Discrimination at Work: Why You Need to Act Fast

June 22, 2017

In the case of Green v. Brennan, Marvin Green was a mailman experiencing racial discrimination at work in the form of threats, harassment and demeaning comments. After filing informal complaints against his employer, Green was subjected to retaliation in the form of further harassment. The Postal Service’s Equal Employment Opportunity Commission (EEOC) office advised Green to then file a formal charge but, unfortunately, he neglected to do so.

Several months later, after Green was investigated for multiple infractions—another act of retaliation by his employer, the Postal Service offered him a settlement agreement that also included his resignation. Green pursued legal action toward the Postal Service, alleging that he was constructively discharged, meaning he was forced out of his position with the company.

A judge, however, dismissed Green’s case as untimely, and an appeals court affirmed the ruling. Federal employment law requires constructive discharge plaintiffs to contact an EEOC officer within 45 days of the alleged discriminatory matter and by the time Green reached out, it had been 96 days since he had signed the settlement paperwork. Even if all the facts in Green’s complaint were true, the court held that his case could not move forward.

The Appeal

On an appeal to the Supreme Court, Green fought that the statute of limitations began on the day he resigned because of constructive discharge since those circumstances led to his cause of action. The Court sided in Green’s favor and determined that the time limit in such cases should be 45 days, beginning to run on the date an employee notifies his employer that he intends to quit his job. Marvin Green filed his claim 41 days after resigning, making his case viable.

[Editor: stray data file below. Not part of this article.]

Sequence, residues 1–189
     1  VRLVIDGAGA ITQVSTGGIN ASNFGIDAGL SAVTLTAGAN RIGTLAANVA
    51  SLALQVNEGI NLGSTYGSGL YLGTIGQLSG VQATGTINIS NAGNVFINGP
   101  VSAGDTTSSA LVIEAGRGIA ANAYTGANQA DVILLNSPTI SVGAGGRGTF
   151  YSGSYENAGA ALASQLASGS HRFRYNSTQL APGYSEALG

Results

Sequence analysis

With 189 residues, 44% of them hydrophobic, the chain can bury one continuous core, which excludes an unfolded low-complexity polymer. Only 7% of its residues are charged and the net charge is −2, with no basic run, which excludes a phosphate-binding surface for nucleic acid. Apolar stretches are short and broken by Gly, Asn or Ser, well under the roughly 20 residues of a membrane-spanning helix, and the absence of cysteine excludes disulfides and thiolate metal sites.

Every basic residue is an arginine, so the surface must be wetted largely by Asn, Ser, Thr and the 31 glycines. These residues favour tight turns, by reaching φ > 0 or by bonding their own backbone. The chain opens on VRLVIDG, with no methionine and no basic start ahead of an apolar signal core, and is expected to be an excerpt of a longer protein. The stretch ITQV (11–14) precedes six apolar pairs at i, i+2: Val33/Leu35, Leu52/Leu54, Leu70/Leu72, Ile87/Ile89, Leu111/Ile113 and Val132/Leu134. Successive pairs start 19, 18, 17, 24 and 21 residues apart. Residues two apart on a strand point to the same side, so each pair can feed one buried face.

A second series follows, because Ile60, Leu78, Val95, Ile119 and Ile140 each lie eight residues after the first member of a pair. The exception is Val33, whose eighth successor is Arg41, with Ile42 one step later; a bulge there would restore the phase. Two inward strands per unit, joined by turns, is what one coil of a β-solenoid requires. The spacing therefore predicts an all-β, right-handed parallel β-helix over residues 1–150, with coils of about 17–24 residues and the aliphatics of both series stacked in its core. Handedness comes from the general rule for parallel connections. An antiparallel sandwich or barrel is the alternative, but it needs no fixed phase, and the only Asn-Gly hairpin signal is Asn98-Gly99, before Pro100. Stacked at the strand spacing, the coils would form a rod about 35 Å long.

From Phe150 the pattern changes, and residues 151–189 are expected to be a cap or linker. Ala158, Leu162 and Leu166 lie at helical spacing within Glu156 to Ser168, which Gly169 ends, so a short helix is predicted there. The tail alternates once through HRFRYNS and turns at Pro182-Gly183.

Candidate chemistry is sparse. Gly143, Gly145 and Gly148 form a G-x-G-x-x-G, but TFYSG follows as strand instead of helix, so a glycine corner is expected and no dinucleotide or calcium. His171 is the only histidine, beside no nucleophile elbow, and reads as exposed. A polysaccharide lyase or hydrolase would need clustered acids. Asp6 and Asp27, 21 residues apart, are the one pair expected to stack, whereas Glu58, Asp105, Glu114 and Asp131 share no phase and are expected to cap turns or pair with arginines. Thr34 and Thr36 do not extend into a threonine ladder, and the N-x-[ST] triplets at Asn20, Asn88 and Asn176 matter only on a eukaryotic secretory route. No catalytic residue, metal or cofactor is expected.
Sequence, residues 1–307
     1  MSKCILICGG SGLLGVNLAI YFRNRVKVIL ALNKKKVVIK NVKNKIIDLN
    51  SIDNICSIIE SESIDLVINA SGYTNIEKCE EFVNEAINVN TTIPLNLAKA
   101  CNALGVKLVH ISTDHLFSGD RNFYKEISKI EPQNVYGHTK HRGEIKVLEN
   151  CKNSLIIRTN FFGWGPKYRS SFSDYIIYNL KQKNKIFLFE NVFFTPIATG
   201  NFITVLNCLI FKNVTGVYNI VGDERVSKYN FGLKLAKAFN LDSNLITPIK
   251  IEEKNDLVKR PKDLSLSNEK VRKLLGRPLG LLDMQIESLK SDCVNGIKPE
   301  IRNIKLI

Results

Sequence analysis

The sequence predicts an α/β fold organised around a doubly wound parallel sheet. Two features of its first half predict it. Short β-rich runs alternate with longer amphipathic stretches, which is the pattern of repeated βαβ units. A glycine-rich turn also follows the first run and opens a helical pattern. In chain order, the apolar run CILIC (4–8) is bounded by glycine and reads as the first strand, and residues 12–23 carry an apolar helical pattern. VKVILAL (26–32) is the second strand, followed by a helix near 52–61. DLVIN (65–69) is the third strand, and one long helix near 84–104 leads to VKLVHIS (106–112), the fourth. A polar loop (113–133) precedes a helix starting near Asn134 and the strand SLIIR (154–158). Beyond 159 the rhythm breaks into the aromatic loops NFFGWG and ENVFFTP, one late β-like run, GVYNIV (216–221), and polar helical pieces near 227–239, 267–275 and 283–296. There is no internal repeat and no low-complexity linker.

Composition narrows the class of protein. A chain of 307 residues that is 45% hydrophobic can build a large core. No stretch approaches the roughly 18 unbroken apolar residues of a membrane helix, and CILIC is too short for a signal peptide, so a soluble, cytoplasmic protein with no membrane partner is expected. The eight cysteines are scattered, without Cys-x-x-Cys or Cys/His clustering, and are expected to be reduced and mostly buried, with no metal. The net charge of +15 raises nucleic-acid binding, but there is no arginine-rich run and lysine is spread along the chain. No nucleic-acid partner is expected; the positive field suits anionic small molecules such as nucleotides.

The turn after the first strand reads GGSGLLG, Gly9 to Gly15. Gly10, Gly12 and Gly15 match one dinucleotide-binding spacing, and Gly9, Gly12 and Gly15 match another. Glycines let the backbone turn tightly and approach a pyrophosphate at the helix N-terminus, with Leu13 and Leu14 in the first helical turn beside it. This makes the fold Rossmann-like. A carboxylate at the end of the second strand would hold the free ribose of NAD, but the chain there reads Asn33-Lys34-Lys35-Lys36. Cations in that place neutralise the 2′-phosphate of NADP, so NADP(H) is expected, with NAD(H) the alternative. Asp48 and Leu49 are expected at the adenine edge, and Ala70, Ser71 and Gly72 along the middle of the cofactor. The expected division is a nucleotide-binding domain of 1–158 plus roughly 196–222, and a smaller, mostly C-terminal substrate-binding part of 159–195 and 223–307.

Justice Sonia Sotomayor explained that “the ‘matter alleged to be discriminatory’ in a constructive discharge claim necessarily includes the employee’s resignation.” Sotomayor noted that, according to the “standard rule” governing statutes of limitations, the “limitations period commences when the plaintiff has a complete and present cause of action.”

It means that period begins when the plaintiff “can file suit and obtain relief.” Plaintiffs may only sue for constructive discharge when “working conditions become so intolerable that a reasonable person in the employee’s position would have felt compelled to resign.” So a constructive discharge plaintiff only has a “complete and present cause of action” once he has actually quit.

Acting fast after you have experienced discrimination at work is important for the outcome of your case as well as your future, as we have learned in this situation. The limitations period begins when you inform your employer of your resignation—not your actual last day of work—and you only have 45 days after that to file a claim.

You don’t have to go through a discrimination claim alone. Contact our offices for a free consultation. We will listen to your discrimination story and guide you in the right direction, whether it is to move forward with a suit or to seek remediation with the help of our firm.